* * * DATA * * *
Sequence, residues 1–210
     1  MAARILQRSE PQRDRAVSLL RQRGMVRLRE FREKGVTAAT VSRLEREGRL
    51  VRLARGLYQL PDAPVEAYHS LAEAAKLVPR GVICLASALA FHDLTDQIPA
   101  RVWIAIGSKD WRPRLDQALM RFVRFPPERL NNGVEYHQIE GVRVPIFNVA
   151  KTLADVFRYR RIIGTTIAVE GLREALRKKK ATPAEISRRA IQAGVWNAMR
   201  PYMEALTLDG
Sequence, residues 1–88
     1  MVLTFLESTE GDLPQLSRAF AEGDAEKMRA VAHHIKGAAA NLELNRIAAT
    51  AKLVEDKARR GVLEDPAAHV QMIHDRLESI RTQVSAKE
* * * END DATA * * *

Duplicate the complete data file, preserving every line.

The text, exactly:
Sequence, residues 1–210
     1  MAARILQRSE PQRDRAVSLL RQRGMVRLRE FREKGVTAAT VSRLEREGRL
    51  VRLARGLYQL PDAPVEAYHS LAEAAKLVPR GVICLASALA FHDLTDQIPA
   101  RVWIAIGSKD WRPRLDQALM RFVRFPPERL NNGVEYHQIE GVRVPIFNVA
   151  KTLADVFRYR RIIGTTIAVE GLREALRKKK ATPAEISRRA IQAGVWNAMR
   201  PYMEALTLDG
Sequence, residues 1–88
     1  MVLTFLESTE GDLPQLSRAF AEGDAEKMRA VAHHIKGAAA NLELNRIAAT
    51  AKLVEDKARR GVLEDPAAHV QMIHDRLESI RTQVSAKE